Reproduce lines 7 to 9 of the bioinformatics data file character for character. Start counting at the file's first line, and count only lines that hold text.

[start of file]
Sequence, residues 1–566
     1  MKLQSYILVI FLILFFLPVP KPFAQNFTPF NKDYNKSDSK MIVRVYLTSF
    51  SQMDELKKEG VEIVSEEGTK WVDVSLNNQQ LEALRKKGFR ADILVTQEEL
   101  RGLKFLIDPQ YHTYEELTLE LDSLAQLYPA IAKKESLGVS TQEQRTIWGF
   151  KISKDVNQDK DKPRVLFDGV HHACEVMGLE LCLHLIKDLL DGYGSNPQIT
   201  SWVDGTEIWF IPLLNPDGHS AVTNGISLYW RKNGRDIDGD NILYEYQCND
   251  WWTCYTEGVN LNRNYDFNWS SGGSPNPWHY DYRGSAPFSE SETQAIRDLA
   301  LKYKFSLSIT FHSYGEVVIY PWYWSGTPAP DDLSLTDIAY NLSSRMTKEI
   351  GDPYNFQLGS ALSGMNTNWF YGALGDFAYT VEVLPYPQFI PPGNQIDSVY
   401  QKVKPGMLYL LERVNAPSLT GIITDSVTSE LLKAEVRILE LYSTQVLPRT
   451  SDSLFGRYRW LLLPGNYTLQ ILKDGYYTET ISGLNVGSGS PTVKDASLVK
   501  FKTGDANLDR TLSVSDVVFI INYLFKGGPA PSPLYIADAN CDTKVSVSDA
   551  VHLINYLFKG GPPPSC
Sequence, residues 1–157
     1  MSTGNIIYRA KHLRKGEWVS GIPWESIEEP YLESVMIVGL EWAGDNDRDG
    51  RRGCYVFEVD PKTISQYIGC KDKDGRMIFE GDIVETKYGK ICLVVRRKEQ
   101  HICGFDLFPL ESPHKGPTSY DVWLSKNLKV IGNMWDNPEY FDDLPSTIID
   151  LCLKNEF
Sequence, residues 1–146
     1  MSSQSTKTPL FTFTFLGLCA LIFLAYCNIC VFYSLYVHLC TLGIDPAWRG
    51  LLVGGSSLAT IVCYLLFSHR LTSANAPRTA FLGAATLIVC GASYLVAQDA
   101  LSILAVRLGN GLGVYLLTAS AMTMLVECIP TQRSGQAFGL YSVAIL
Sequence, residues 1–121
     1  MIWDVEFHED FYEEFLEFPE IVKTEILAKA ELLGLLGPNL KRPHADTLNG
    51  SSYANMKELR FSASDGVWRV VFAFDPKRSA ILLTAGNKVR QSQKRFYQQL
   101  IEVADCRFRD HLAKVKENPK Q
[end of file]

   251  WWTCYTEGVN LNRNYDFNWS SGGSPNPWHY DYRGSAPFSE SETQAIRDLA
   301  LKYKFSLSIT FHSYGEVVIY PWYWSGTPAP DDLSLTDIAY NLSSRMTKEI
   351  GDPYNFQLGS ALSGMNTNWF YGALGDFAYT VEVLPYPQFI PPGNQIDSVY